Prince Akash felt a sudden desire to take a swim. He jumped into the river outside the royal palace and started swimming. As he swam, the ring Shakunthala gave him slipped off his finger and was lost. Noticing nothing wrong, he stopped swimming, dressed and returned to the palace. A few days later when Sakunthala arrived to see him, he did not recognise her and told his servants to send her away. Sadly, Shakunthala left. Meanwhile a fisherman discovered a ring in the belly of a fish he had caught. Recognising it as one the prince always wore, the fisherman paid a visit to the royal palace and returned it to him. Very much surprised, Prince Akash accepted the ring from the fisherman with thanks. Upon returnig it to his finger, he at once remembered Shakunthala.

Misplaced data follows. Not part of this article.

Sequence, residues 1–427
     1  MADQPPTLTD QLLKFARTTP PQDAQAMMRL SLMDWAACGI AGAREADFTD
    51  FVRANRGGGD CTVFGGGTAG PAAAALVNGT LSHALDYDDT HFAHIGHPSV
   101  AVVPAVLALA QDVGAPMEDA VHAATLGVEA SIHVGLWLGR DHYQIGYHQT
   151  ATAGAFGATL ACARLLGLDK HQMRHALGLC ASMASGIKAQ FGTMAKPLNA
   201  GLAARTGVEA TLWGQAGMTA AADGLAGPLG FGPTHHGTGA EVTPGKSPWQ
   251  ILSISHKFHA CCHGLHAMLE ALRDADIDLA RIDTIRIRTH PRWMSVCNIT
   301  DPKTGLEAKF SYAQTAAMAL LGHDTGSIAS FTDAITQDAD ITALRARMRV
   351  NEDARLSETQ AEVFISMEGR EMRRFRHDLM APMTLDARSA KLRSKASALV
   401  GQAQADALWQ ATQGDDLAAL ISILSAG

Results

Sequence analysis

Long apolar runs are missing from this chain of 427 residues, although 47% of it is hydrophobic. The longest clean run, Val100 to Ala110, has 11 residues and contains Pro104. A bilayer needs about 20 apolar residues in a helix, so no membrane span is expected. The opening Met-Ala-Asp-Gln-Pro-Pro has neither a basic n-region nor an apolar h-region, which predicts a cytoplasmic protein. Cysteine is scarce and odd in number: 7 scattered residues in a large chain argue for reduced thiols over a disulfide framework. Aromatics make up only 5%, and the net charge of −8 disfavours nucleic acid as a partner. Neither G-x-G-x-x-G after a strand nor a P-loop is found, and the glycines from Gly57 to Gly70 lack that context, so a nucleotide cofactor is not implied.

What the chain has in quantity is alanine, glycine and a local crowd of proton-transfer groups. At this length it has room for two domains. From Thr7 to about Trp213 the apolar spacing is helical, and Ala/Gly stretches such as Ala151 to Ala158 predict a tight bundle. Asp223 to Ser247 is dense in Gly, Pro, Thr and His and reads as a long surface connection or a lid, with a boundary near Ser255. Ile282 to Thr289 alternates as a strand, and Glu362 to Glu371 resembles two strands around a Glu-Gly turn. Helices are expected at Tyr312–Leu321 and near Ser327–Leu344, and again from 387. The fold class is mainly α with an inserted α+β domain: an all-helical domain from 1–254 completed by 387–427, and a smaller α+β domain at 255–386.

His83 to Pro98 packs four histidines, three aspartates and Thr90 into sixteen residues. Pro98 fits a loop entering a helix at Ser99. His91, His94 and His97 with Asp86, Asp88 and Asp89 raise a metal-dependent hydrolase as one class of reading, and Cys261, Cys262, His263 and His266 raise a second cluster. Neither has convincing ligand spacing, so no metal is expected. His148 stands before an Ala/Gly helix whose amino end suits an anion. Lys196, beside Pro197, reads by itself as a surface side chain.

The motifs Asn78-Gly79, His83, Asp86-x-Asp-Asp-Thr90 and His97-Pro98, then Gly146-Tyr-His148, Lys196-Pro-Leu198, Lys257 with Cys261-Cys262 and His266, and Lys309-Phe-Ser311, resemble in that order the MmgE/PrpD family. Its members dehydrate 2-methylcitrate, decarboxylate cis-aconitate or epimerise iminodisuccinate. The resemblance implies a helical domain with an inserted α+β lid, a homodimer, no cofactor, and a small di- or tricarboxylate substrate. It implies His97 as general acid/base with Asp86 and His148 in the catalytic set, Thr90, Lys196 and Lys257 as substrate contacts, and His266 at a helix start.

He immediately searched for her but could not find her anywhere. Prince Akash returned sorrowfully to the palace, where he passed his days painting portraits of his lost love. He also made statues of her. Looking at his work one day, he sang;
Shakunthala, I remember you,
Wherever I go,
Whatever I do,
I remember you,
The way you walk,
The way you sing,
The way you dance,
I remember you Shakunthala.
As Akash sat despondently by the river in front of his palace, a dolphin emerged from the water and changed into Shakunthala's father, the river God. Hydaspes told Prince Akash that the loss of memory was only ordained to happen once and that he would never forget Shakunthala again. Instead he would marry her and take her to his palace. Then, taking his dolphin form, Hydaspes dived back into the water.
Filled with hope, Akash rode into the forest. Upon spotting a familiar looking deer, he tethered his horse and started following it. The deer led him to where Shakunthala sat in sorrow, singing her own song. He ran towards her and embraced her.